One of Pema's quotes. Photo by BK https://www.flickr.com/photos/pictoquotes/26055906766
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The Struggle is Real, and How To Lean Into It

This year, I feel like the Queen Elizabeth II that year when Fergie broke up with Andrew, and life in Buckingham Palace was generally falling apart. The queen remarked that she was having an annus horribilis. I’m having my own version, minus the papparazzi.

The Queen was not amused, and neither am I.
The Queen was not amused, and neither am I.

I found a Lovely Psychologist who listens to me with an appropriate mixture of concern and empathy. She introduced me to Acceptance and Commitment Therapy which sounds a lot to me like Buddhist teachings and philosophy. At the same time I started listening to a lot of Pema Chodron audiobooks. Pema is awesome – kind of like Ellen De Generes but as a Buddhist nun. Her wisdom and humour and the way she seems to describe my life in her audiobooks keeps me grounded while I commute, run, or lie in bed totally wrung out at the end of the day.

One of Pema's quotes. Photo by BK https://www.flickr.com/photos/pictoquotes/26055906766
One of Pema’s quotes. Photo by BK https://www.flickr.com/photos/pictoquotes/26055906766

The first thing that Pema talked about which completely threw me was the concept of “groundlessness”, when the solid foundation under you, the ground, is taken away like a rug pulled out from under your feet. This groundlessness is actually the true nature of reality, she says. Nothing ever stays the same. Relax into the edginess of the energy.

Relax, Pema? While my world is crashing down around me?

My Lovely Psychologist says kind of the same thing. First, she gets me to notice what I’m feeling and when, and the nature of it. Is it hot or cold, expanding or constricting, she asks? Where do you feel it – head, chest? And I notice lots of things.

First I notice boredom. Quite a lot of it. When waiting for the kids to hurry up and finish their breakfast, put their shoes on, get in the car, brush their teeth. Boredom, closely followed by irritation.

I notice sadness, grief, fear about the future. A sense of everyone’s mortality, of the losses that are to come, that are inevitable. Nobody can avoid sickness and death, say the Buddhists.

I notice the stories that run like a broken record in my head.

 

I’m not good enough. I’m not good as him, her, her. I’ll never get there. (Wherever “there” is).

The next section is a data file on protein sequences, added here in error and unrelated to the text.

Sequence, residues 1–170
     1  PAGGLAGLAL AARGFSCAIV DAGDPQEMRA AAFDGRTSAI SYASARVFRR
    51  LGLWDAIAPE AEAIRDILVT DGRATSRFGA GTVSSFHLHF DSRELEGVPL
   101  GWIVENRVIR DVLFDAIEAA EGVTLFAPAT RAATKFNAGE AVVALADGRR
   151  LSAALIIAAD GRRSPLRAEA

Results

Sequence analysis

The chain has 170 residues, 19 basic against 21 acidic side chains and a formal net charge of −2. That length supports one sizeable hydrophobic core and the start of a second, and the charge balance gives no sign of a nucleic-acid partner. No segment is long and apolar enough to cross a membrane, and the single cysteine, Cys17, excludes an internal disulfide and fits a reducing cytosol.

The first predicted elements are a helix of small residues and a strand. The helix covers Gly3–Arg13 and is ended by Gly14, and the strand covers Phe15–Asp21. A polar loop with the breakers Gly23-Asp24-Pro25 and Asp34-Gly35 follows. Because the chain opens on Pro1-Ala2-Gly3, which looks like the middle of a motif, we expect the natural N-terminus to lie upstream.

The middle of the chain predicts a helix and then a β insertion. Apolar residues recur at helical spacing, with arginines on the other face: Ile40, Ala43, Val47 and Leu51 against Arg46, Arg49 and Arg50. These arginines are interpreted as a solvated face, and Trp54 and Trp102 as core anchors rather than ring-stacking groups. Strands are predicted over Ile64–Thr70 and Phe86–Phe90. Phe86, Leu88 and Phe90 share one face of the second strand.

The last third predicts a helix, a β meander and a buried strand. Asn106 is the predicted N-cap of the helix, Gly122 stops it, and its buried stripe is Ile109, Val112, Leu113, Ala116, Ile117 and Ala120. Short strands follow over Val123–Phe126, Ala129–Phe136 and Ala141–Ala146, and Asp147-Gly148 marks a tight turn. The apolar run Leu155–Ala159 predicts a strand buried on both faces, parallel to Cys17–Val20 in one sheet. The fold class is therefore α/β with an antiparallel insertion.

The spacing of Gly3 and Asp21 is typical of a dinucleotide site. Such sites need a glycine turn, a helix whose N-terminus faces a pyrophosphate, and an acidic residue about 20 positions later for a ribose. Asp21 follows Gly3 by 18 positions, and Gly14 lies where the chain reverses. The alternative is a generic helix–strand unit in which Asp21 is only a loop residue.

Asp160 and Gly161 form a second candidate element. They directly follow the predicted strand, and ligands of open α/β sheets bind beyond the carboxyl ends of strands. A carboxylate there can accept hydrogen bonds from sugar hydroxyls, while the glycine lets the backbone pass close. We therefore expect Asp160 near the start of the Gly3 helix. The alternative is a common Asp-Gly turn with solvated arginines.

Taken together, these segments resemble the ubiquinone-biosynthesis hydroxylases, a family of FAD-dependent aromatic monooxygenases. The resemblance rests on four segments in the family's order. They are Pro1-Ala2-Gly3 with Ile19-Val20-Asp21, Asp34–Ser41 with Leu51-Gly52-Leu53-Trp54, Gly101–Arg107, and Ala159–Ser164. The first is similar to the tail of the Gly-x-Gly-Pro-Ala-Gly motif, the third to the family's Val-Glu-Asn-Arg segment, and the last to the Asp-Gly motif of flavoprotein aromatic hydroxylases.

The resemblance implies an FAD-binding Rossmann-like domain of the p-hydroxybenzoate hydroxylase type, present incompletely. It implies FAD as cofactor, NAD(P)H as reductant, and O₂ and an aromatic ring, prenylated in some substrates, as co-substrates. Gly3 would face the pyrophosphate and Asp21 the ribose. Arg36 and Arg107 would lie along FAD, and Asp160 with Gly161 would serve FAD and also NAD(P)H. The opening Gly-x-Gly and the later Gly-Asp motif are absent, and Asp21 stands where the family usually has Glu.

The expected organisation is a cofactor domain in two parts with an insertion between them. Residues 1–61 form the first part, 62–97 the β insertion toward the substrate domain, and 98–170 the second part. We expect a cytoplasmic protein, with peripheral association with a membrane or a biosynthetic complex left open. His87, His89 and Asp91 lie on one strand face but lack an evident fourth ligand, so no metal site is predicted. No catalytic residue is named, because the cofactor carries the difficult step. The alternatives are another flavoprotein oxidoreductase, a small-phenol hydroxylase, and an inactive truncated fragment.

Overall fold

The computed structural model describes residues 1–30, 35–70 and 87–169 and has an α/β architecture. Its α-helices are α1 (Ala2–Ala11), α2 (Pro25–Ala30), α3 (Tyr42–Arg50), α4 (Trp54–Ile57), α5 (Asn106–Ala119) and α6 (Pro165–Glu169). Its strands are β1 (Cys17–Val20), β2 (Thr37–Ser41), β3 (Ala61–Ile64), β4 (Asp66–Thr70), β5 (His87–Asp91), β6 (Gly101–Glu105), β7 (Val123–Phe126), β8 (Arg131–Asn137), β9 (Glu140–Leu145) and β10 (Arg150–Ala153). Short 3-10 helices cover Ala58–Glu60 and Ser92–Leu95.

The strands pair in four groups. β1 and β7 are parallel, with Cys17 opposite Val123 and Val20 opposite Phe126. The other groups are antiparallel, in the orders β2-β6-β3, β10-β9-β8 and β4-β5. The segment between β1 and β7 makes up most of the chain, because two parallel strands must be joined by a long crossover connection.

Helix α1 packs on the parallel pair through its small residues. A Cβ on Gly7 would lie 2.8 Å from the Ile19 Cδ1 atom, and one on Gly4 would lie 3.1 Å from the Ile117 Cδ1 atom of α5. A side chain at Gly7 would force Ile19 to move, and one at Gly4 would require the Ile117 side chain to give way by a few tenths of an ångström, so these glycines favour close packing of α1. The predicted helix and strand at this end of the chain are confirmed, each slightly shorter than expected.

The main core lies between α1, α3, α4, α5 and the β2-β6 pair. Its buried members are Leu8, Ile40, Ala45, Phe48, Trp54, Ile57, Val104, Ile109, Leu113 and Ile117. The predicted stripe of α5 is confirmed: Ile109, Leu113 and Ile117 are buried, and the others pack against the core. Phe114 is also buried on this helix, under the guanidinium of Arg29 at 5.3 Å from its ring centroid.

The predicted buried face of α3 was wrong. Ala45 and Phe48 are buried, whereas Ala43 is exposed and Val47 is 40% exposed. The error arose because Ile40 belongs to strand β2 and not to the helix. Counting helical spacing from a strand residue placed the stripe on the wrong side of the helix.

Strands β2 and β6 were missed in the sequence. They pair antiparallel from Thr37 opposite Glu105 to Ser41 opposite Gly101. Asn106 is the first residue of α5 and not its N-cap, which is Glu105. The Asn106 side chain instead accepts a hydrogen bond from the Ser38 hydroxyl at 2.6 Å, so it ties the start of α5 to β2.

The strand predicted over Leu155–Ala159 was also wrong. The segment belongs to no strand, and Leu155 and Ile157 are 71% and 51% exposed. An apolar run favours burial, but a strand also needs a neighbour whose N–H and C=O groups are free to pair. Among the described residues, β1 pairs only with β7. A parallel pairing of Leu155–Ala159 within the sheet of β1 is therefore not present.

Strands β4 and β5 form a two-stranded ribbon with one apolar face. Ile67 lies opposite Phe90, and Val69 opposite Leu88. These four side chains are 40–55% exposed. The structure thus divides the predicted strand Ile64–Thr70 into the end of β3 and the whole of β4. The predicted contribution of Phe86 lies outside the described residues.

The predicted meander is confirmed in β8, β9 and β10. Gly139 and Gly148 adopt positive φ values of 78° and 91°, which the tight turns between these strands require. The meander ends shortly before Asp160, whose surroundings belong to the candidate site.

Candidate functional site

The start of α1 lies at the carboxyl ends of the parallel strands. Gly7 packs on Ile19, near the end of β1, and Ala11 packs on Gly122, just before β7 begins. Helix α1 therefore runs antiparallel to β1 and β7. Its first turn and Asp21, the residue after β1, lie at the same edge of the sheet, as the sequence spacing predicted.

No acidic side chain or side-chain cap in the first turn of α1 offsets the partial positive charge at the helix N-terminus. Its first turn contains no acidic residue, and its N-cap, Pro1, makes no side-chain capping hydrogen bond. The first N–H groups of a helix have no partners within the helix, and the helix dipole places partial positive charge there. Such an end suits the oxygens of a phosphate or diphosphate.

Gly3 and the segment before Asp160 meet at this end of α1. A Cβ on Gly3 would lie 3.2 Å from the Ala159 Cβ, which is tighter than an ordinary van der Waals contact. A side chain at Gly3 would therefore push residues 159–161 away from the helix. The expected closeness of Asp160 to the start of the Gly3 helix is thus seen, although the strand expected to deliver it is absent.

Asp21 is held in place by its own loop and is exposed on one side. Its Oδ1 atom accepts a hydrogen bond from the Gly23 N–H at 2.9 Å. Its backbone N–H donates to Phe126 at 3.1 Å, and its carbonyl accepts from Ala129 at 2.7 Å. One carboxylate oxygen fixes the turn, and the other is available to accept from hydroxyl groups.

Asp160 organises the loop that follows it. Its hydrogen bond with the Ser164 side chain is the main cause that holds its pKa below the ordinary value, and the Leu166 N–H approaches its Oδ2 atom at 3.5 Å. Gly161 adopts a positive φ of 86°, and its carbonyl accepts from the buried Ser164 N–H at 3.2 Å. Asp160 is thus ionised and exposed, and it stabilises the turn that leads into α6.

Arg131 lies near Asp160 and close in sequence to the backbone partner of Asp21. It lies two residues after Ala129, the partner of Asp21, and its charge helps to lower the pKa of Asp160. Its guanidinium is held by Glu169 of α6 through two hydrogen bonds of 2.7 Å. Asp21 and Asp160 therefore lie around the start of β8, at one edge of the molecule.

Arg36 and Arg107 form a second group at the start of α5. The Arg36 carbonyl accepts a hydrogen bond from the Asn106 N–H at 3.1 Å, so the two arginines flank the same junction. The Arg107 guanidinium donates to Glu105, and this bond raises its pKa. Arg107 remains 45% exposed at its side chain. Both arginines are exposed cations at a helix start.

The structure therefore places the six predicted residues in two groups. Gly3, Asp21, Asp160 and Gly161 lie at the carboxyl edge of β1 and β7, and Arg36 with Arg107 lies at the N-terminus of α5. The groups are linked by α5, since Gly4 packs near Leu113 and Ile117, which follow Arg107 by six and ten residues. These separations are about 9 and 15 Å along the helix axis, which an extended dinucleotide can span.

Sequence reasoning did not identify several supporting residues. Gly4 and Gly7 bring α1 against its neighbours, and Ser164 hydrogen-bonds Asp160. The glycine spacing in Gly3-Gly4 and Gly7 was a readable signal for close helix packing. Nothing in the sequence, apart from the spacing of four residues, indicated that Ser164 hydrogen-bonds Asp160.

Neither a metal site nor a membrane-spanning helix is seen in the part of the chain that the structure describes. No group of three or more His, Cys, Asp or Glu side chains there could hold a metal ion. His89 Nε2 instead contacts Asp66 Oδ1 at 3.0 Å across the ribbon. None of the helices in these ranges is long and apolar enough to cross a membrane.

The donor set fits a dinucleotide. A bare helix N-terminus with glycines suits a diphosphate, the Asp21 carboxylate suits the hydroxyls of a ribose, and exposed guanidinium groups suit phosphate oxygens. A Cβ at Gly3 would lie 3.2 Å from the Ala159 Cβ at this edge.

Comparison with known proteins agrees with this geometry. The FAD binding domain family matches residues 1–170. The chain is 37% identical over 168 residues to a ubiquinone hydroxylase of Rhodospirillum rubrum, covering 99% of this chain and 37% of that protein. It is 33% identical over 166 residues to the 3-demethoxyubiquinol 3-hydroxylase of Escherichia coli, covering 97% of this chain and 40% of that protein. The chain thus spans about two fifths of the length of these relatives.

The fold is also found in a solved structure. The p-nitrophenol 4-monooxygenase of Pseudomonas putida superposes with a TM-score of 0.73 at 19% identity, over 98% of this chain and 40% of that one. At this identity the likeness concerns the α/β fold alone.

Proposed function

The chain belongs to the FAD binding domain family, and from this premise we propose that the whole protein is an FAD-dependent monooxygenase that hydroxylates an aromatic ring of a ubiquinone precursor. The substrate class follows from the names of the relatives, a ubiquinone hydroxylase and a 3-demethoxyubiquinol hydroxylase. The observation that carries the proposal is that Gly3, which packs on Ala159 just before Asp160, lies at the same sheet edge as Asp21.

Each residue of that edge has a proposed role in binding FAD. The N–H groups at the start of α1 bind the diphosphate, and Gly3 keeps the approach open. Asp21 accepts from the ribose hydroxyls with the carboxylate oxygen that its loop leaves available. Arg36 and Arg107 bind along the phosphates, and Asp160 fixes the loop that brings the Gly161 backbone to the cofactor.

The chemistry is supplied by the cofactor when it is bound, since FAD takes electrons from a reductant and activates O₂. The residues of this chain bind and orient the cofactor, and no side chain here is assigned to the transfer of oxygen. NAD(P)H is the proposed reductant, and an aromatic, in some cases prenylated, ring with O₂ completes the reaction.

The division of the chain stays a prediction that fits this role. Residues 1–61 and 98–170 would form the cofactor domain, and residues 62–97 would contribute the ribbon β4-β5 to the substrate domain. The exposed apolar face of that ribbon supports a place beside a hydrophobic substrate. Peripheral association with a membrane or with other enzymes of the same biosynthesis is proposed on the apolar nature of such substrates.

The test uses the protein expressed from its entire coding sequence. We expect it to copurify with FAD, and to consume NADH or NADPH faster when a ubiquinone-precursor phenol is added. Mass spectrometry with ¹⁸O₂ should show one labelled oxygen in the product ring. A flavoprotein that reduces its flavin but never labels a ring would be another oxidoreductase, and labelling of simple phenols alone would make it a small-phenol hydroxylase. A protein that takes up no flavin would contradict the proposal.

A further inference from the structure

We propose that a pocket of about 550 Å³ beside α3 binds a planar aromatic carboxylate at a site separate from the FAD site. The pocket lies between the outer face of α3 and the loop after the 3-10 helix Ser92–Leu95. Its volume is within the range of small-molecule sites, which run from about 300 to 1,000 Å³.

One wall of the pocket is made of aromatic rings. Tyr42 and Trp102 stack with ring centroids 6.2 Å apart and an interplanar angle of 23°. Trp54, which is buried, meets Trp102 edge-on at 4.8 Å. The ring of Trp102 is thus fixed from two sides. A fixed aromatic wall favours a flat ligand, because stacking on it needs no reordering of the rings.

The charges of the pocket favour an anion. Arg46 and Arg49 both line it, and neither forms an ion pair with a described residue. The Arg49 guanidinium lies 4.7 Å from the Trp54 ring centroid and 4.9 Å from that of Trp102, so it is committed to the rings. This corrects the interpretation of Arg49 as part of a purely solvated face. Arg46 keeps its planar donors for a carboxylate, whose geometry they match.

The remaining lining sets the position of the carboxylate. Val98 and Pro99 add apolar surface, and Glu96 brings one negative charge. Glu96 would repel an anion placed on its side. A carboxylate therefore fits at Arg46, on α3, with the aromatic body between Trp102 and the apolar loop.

I’m overwhelmed. I can’t do it. It’s all too much. I want to give up.

I’m a bad mother, wife, daughter, gardener, cook, housekeeper, bookkeeper. I’m failing at it all, spectacularly.

Why on Earth does it take them so long to put their shoes on?!!

 

My Lovely Psychologist listens carefully and asks me, Can  you make room for this?”

 

My initial thought is “Hell no!” but I try. I try to sit with my feelings of deep inadequacy, of insecurity, of sadness, anger, and so on. I imagine I’m like that little girl in Inside Out with Joy, Disgust, Sadness etc in her head. Except, I imagine my sadness and my fear as sitting beside me like pets, going with me wherever I go, sometimes disappearing and then reappearing. Me and my hangups, just going for a walk together. I make room for them. I lean into them, I come closer to myself, as Pema says. I learn to “relax with the edginess of the energy”.

 

Me and my hangups, going for a walk together.
Me and my hangups, going for a walk together.

 

It’s not easy, but what helps was the realisation that the struggle against these difficult and challenging emotions was worse than the emotion itself. Yelling at my children as an attempt to relieve boredom and irritation and frustration. Endless overwork and inability to wind down after work due to feelings of profound inadequacy. And so on. Our pain drives us to do things, in a desperate effort to relieve pain, that only compound our situation. Addiction. Overspending. Being mean to others. Workaholism. You get the picture.

 

I’m learning to recognise my own patterns of struggle, and develop new ones that are more helpful. It’s certainly a difficult process. My Lovely Psychologist is patient and kind. She says, sometimes you just have to do the best you can. And that’s probably the best advice that I can give you. Apart from Relax into the experience of groundlessness, notice what you’re feeling (mindfulness)  and then lean right into it. Make room for it.

 

And just do the best that you can.

 

xx

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